Online Rehab in Escondido, California

self recovery online rehab

Online Rehab in Escondido, California

Awarded Best Online Rehab 2022 by Worlds Best Rehab Magazine

Only $99 p.m. Cancel at any time with a 30-day money back guarantee

Self Recovery in Escondido, California was awarded Best Online Rehab by Worlds Best Magazine 2022 in recognition of their exceptional, cost effective program that has helped many 000’s of individuals around the world find long term sobriety. Daniel Hochman M.D. is a Psychiatrist, Psychotherapist and Philanthropist who believes in making his online rehab program in Escondido, California as accessible as possible to help the greatest number of people affected by addiction.


Self Recovery is a private rehab program that is 100% online. The addiction recovery program is evidence-based, and clients receive an on-demand program using a holistic approach. Rather than attending an in-person rehab program, Self Recovery provides clients with a platform that focuses on their individual needs.

Specializations | Burnout, Anxiety, Depression, Online Rehab in Escondido, California Stress, Anger Management, Alcohol, Dependencies, Grief, Seasonal Depressive Disorder, Life Crisis, Smoking Cessation (among others)


Self-Recovery Cost | The fee for Online Rehab with Self Recovery in Escondido, California is just $99 with a 30-day money back guarantee.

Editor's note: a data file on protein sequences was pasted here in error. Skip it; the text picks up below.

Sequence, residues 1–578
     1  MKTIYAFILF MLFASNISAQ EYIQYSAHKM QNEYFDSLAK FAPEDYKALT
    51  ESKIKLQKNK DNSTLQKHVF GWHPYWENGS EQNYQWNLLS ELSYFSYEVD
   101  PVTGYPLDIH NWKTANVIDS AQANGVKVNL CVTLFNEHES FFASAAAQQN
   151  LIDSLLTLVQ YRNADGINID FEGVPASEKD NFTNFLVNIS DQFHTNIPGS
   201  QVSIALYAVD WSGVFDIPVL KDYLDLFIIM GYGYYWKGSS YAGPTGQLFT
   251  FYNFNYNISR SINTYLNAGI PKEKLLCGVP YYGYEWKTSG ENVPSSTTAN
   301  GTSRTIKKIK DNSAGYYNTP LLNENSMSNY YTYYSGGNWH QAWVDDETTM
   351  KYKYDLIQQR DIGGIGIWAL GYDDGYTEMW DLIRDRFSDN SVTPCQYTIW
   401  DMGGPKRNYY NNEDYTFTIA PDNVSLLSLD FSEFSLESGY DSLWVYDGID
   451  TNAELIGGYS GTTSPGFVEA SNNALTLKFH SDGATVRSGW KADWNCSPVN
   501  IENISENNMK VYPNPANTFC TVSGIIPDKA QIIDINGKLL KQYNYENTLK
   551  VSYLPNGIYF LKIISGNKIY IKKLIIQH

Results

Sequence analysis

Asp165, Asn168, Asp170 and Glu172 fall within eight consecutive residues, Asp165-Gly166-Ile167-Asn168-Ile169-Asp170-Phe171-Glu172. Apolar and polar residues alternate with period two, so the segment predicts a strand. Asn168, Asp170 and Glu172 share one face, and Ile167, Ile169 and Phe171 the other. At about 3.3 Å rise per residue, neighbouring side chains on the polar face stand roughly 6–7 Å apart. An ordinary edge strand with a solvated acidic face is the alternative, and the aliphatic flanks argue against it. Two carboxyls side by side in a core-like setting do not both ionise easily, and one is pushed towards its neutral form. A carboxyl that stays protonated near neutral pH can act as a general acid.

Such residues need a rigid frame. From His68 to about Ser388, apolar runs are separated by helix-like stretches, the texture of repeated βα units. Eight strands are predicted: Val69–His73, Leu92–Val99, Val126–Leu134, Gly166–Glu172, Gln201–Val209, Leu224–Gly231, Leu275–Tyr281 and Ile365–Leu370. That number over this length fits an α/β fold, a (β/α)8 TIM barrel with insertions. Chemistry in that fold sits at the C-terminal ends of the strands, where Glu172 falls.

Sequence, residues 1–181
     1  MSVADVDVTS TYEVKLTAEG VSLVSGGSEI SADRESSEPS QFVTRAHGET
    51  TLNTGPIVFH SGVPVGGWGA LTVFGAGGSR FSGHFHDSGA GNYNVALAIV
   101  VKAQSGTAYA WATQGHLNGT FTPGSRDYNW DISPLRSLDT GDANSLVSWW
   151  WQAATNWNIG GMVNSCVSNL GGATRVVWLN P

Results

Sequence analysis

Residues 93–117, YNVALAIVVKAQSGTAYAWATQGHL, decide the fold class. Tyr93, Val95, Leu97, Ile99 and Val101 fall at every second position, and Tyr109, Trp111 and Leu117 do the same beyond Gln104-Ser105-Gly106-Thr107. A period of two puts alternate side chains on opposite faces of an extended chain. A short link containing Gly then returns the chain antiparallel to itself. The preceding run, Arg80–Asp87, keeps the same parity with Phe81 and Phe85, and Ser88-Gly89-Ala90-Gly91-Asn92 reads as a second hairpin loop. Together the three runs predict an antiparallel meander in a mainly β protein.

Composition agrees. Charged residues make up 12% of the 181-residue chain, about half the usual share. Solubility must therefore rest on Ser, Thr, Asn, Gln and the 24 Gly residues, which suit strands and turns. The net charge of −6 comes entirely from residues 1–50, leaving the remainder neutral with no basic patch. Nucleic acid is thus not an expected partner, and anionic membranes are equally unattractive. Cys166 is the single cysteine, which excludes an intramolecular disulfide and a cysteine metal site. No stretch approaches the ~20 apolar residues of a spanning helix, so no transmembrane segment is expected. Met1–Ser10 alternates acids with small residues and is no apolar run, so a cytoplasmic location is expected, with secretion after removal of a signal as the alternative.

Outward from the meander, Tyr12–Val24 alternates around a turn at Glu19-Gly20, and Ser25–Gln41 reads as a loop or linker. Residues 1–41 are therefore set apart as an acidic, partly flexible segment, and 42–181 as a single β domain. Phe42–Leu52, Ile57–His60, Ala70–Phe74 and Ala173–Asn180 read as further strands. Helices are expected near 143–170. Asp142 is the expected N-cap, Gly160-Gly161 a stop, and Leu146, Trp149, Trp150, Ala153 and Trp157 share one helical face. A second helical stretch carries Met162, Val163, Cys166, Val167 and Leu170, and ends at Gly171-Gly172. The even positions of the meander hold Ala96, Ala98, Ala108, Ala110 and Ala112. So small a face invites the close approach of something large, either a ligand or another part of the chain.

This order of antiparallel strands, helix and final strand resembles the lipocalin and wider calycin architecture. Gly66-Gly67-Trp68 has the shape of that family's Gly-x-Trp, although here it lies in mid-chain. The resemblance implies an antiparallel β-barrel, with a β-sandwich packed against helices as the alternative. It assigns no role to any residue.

Online Rehab in Escondido, California: What is it and how does it work?


Not every person is able to attend residential rehab in Escondido, California. The good news for those individuals is there is another option to aid in the recover from alcohol and/or drug disorders. Online rehab in Escondido, California is one way in which a person can get the addiction treatment needed to live a clean and sober lifestyle.


Online rehab in Escondido, California is a service offered via Zoom, Skype, or video conference platforms provided by a treatment center. Online rehab in Escondido, California makes it possible for clients to get a range of services from the comfort of their home over the Internet. One-to-one sessions, group therapy, and much more is on offer from rehab providers. Service providers offer a range of products and features giving clients the chance to get the most out of their rehab experience.


Skills and tools are taught via counselors. Evidence-based practices may be offered to teach clients ways to live life without drugs and alcohol. The top online rehab programs employ well-educated, experienced counselors to help clients.